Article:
[CARS] Getting No Respect

As vehicle dependability continues to rise, your chances of being stranded by the side of the road with a dead car are down.

But some car brands are finding that consumer perception lags behind their dependability story.

That’s the big news out of this year’s edition of the just-released J.D. Power and Associates U.S. Vehicle Dependability Study. Apparently, 25 of 36 vehicle brands improved in long-term dependability in 2010 compared with their performance in 2009, continuing a steady uptrend of industry-wide vehicle dependability. But according to the research firm, Cadillac, Ford, Hyundai, Lincoln and Mercury are just not getting the props they deserve.

Car Brand Perception vs. Reality
The study measures problems that original owners of three-year-old (in this case, 2007 model year) vehicles experiment, including 198 different problem symptoms across all areas of the vehicle. Overall dependability is determined by the level of problems experienced per 100 vehicles, with a lower score reflecting higher quality.

This year, Porsche led the “nameplate” rankings with a mark of 110. Lincoln was second at 114, and Buick and Lexus tied at 115. But perhaps the bigger news is that several brands that scored above industry average — among them Lincoln, Buick, Mercury, Ford, Hyundai and Cadillac — still find themselves shunned by a portion of the buying public, due to concerns about their dependability.

According to J.D. Power and Associates, among brands included in the study, Cadillac, Ford, Hyundai, Lincoln and Mercury have the greatest discrepancy between actual dependability and consumer perception. At the same time several brands that are generally well-regarded for dependability — including BMW, Volvo, Nissan, Mazda and Scion — were ranked below the industry average.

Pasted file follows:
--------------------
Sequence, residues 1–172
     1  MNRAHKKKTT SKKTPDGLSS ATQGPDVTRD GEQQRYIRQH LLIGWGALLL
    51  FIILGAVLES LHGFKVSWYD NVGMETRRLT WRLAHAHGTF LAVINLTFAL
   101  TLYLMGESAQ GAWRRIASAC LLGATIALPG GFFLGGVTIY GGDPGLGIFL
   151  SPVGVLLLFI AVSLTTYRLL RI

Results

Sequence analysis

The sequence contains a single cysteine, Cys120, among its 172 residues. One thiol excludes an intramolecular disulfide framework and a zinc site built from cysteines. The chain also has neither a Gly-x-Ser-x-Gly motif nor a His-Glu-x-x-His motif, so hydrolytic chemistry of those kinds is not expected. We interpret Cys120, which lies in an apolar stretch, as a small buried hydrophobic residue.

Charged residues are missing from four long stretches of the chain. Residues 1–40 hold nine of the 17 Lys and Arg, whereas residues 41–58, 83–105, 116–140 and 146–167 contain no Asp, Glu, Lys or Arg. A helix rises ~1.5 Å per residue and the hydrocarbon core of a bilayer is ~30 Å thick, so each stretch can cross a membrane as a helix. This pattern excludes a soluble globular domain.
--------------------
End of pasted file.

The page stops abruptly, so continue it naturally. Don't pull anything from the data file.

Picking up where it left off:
“Producing vehicles with world-class quality is just part of the battle for automakers; convincing consumers to believe in their quality is equally important,” said David Sargent, vice president of global vehicle research at J.D. Power and Associates. “It takes considerable time to positively change consumer perceptions of quality and dependability — sometimes a decade or more — so it is vital for manufacturers to continually improve quality and also to convince consumers of these gains.”

What Car Brand Manufacturers Can Do
According to Sargent, car manufacturers can take several approaches to help reinforce perceptions of high quality in consumers’ minds. They can provide extended warranties, which demonstrate a brand’s faith in its products; incorporate features, materials and finishes in cars that have a rich feel; and ensure that new car models launch with better quality than their predecessors. In addition, automakers need to increase communication efforts about their high quality and dependability through social media, like blogs, Facebook and Twitter, aside from traditional channels.

The vehicle dependability study is used extensively by vehicle manufacturers worldwide to help design and build better vehicles, which typically translates to higher resale values. Consumers can benefit from the study by making more informed choices for both new- and used-vehicle purchases. Among new-vehicle shoppers, perception of quality and dependability is the most influential factor in their decision to purchase a specific vehicle model.

The 2010 U.S. Vehicle Dependability Study is based on responses from more than 52,000 original owners of 2007 model-year vehicles. The study was fielded in 2009, between October and December.

Based in Cleveland, Driving Today Contributing Editor Luigi Fraschini writes frequently about vehicle dependability and reliability.

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